Judicial Independence in The Hague and Freetown: A Tale of Two Cities

Yuval Shany, Sigall Horovitz

Research output: Contribution to journalArticlepeer-review

12 Scopus citations

Abstract

This note evaluates the application of rules on judicial independence and impartiality in two international decisions issued in 2004 – the ICJ Order on Composition in the Wall Advisory Proceedings and the disqualification decision of the Special Court for Sierra Leone in Sesay – and compares them with a code of judicial conduct recently prepared by an ILA study group (the Burgh House Principles on the Independence of the International Judiciary). We assert that the approach taken by the ICJ in Wall is excessively restrictive and is out of step with contemporary tendencies to embrace stricter standards of judicial independence and impartiality.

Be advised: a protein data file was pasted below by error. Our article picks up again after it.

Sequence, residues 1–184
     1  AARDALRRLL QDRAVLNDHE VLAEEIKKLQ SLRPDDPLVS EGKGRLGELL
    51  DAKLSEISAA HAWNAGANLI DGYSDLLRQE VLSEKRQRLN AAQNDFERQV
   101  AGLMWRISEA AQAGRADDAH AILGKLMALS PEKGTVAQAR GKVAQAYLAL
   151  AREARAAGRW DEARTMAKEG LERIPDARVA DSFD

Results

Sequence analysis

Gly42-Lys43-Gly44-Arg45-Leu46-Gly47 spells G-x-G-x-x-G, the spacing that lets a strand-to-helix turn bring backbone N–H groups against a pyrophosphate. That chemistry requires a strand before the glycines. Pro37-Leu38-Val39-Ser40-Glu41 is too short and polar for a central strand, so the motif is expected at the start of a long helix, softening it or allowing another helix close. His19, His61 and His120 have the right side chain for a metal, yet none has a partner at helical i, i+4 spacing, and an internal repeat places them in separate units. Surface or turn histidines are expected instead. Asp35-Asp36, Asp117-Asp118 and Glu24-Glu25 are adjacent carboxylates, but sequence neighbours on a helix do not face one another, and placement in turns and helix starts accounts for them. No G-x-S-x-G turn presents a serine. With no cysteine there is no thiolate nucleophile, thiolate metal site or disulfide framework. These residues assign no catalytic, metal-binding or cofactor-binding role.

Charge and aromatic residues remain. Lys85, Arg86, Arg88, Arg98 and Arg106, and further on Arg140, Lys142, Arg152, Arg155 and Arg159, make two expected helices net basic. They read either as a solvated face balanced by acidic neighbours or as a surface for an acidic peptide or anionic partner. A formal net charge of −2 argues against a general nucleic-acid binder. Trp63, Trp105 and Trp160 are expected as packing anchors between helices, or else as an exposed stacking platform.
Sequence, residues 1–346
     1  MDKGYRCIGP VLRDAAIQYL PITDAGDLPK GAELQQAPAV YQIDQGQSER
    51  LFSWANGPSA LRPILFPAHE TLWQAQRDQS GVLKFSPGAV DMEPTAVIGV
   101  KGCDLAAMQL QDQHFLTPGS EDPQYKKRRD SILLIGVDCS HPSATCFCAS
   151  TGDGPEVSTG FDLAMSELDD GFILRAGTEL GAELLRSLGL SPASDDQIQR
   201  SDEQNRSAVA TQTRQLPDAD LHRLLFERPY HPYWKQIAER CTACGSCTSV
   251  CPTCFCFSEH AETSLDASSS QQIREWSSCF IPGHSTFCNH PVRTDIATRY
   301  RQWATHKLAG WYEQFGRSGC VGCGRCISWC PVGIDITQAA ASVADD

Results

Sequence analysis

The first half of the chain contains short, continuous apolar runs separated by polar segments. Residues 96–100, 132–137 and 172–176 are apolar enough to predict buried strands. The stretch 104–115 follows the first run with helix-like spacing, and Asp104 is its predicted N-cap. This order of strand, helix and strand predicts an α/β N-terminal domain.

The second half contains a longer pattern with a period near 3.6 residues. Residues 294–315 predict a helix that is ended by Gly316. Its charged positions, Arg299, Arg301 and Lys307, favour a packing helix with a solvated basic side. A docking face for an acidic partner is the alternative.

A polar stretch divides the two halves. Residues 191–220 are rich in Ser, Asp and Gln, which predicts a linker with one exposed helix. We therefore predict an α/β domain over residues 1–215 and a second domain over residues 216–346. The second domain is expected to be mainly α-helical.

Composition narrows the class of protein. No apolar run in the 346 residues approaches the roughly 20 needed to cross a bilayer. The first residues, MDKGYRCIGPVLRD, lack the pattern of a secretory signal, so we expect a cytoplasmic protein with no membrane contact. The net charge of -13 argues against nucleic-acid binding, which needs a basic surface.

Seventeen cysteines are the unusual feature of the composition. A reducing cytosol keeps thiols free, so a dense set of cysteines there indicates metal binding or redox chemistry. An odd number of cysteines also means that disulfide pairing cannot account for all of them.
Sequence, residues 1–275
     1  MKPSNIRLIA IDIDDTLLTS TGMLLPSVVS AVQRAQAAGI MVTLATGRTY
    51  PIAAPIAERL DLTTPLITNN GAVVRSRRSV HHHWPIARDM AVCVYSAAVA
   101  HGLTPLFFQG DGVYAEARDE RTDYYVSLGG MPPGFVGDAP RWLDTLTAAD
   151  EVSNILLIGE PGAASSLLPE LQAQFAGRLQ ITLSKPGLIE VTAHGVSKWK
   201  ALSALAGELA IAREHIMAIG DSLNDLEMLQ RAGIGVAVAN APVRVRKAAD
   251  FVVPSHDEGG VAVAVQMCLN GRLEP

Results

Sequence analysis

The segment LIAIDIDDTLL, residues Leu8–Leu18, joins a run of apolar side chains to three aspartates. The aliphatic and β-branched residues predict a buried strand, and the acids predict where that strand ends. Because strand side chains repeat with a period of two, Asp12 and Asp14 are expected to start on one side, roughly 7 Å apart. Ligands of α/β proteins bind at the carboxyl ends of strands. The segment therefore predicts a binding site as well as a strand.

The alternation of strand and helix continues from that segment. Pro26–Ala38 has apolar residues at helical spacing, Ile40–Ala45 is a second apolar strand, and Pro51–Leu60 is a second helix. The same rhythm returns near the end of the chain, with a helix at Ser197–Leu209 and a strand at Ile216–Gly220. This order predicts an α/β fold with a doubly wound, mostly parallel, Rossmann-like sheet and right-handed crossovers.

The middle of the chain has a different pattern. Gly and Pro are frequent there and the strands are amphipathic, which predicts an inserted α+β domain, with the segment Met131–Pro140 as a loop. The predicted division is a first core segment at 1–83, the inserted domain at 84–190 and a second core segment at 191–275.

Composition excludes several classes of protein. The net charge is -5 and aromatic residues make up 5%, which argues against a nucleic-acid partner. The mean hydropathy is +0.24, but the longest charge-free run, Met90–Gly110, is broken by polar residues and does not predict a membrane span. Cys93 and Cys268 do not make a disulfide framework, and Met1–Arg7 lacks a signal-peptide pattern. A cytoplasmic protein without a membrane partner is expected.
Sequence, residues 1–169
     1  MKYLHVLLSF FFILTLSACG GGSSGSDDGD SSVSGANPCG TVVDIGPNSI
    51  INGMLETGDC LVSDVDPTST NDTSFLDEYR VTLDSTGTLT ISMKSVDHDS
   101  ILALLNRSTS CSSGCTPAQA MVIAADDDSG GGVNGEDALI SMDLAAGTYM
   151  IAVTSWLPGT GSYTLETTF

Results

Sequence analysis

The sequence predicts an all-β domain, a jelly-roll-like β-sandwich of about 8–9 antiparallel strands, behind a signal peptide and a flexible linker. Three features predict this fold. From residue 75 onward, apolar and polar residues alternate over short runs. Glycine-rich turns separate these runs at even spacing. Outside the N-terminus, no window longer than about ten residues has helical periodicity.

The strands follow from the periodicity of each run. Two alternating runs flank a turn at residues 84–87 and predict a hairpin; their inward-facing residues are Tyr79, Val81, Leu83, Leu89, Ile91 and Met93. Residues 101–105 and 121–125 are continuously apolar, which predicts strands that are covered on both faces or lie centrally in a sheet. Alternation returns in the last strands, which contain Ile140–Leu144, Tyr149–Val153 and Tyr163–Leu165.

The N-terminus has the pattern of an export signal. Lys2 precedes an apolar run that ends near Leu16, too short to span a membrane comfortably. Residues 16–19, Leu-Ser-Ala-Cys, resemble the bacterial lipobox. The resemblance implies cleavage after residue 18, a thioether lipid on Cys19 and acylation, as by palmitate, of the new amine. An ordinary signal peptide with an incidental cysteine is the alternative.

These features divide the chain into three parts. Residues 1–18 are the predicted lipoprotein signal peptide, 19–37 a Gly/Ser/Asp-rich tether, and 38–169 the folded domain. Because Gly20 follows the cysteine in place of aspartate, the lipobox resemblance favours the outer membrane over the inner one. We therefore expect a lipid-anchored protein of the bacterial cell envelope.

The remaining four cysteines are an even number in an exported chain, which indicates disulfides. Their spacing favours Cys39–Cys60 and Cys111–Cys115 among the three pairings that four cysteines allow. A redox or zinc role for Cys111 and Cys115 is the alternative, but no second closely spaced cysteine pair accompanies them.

Original languageAmerican English
Pages (from-to)113-129
Number of pages17
JournalLeiden Journal of International Law
Volume21
Issue number1
DOIs
StatePublished - Mar 2008

Keywords

  • International Court of Justice
  • Special Court for Sierra Leone
  • Wall Advisory Opinion
  • disqualification of judges
  • judicial impartiality
  • judicial independence
  • mixed international criminal tribunals

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